The opening round of the Republican presidential nomination contest effectively came to an end Tuesday when the candidates met in Las Vegas for their fifth debate in six weeks. The next one won’t come for about a month, so Tuesday’s often testy debate was a last chance for candidates to plant their flags on the national stage before heading off into a month of campaigning. With a little more than 70 days before the Iowa caucuses on January 3rd, the end is starting to come into sight.
So what happened? The candidates tried to get real. There were moments of snapping at one another and a lot of jumping in by moderator Anderson Cooper. Herman Cain, who was expected to be the main target heading into the night, mostly fell out of the spotlight after a long argument about his now famous 9-9-9 tax plan.
The debate set the stage for the next round of campaigning. If you missed it, here it is shrunk down to a convenient 5-point lesson plan.
1. Hit the panic button!
Everyone not named Mitt Romney needs to get their name back into the conversation fast or they risk falling out of the race. As a result, there was a palpable sense of panic among the second-tier candidates as they ignored moderator Anderson Cooper and shouted attacks over each other at a dizzying pace. Rick Santorum, maybe the only candidate on stage to never have a real “surge” in the polls, exemplified this dynamic: at one point he drew boos from the audience for repeatedly drowning out Mitt Romney’s answer on health care.
2. Mitt Romney finally makes a (potentially big) gaffe
Romney’s been unflappable up until now and he turned in a mostly solid performance on Tuesday. But he also showed for the first time that he can be forced off his game with enough pressure. Under attack from Perry over reports that he used a landscaping service that employed undocumented workers, Romney let slip a phrase that will likely come back to haunt him. “We went to the company and we said, look, you can’t have any illegals working on our property,” Romney said. “I’m running for office, for Pete’s sake, we can’t have illegals.”
Watch the moment:
Democrats are in love with “for Pete’s sake, we can’t have illegals.” Within minutes of the line, they were blasting it out to reporters with a highlighted transcript. You’ll probably be seeing this again.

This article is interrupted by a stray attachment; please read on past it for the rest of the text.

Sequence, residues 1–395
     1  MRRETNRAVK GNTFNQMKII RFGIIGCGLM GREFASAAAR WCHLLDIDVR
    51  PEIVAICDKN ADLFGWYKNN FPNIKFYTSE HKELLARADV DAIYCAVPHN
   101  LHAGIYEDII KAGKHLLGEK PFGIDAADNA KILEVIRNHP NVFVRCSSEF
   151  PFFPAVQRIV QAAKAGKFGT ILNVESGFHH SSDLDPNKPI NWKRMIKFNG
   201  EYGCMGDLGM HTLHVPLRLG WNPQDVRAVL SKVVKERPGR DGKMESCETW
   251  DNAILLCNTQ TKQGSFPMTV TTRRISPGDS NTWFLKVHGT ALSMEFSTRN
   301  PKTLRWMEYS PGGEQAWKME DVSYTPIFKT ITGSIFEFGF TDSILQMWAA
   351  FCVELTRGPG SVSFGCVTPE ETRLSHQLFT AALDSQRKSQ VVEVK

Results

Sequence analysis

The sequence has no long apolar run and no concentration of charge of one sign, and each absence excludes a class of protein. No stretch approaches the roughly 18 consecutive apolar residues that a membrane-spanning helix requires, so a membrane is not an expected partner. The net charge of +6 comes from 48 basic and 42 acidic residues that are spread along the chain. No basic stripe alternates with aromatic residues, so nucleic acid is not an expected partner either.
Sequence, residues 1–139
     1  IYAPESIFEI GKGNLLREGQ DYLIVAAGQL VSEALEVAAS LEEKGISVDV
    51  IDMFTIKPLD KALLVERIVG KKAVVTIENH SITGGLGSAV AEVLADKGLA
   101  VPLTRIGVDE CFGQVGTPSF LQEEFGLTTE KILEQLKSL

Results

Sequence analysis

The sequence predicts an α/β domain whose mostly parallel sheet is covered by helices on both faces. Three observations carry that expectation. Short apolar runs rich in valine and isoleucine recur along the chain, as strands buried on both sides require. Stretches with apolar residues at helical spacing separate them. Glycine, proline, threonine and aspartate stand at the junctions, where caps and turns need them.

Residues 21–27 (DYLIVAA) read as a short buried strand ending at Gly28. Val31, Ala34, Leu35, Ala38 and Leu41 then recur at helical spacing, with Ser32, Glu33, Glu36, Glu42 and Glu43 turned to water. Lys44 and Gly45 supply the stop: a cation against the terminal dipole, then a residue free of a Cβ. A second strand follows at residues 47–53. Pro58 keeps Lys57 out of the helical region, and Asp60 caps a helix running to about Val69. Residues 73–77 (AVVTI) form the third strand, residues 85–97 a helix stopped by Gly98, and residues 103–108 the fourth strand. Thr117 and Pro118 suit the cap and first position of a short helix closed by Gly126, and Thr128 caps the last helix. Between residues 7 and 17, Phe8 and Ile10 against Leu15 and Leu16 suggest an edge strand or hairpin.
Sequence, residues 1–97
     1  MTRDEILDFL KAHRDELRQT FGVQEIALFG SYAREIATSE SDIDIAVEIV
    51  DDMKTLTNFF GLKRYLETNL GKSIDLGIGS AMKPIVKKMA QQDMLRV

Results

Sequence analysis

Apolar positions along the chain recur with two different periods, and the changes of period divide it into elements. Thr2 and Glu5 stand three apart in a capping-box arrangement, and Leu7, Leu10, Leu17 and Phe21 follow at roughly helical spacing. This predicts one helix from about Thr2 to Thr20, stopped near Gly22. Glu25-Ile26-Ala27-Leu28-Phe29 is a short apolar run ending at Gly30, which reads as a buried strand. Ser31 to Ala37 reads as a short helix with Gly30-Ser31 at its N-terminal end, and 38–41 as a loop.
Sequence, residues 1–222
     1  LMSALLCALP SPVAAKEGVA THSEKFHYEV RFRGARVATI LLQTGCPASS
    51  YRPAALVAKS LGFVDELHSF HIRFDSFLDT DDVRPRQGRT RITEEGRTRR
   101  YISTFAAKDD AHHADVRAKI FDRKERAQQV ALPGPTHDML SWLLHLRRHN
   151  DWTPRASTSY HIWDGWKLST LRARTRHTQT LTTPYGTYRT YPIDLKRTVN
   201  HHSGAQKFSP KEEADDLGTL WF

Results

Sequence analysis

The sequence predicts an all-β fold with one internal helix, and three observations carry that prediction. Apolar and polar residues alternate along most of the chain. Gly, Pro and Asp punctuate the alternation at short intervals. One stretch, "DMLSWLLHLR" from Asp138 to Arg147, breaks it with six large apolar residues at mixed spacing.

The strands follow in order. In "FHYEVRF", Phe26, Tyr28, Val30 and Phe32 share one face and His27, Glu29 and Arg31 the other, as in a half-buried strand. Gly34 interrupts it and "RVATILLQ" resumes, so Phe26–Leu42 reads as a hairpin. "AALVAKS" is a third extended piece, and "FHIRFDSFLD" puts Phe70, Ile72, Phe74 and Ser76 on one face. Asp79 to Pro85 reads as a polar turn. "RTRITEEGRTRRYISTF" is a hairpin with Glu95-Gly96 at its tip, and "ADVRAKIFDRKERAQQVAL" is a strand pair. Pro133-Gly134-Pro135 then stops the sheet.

3. Rick Perry ate his Wheaties
Gone was the confused and fatigued Perry of debates past, replaced Tuesday with a fired-up version of the Texas governor ready to take on all comers. He joined the dogpile on Herman Cain’s 9-9-9 plan and then turned his sights on Romney, calling him out over an old scandal involving Romney’s employment of illegal immigrants back in 2008.
It’s not clear how well the feistier Perry goes over with Republicans. Polls have shown his unfavorables have skyrocketed since he stumbled in the last few debates, and the Romney-friendly crowd in Las Vegas booed him more than once.
4. The Cain Mutiny
Cain entered the debate as the national frontrunner. He left as the guy whose tax plan was battered by each and every candidate on stage. For about 10 minutes, candidate after candidate attacked Cain for the fact that his proposal to the tax code with a 9% levy on personal income, sales and corporate income would translate into big tax hikes for many in the middle class. Cain has admitted his plan will raise rates for some, though he’s claimed that scrapping the existing tax code will lead to lower taxes overall. Experts disagree.
Cain’s fellow candidates on stage pounced on the admission and used it again and again to slam 999. Cain’s plan does not emerge from the debate looking as simple as it did going in, and that’s a problem for Cain, who’s made his name on repeating the name of the plan like a mantra.
5. Nevada Hearts Romney
Romney is considered the frontrunner in Nevada, which has a large Mormon population and is key to his primary strategy. If the debate audience is any indication, he’s right on track. He got huge cheers on some of his answers and the audience even booed Perry and Santorum when they brought out the knives on health care and immigration.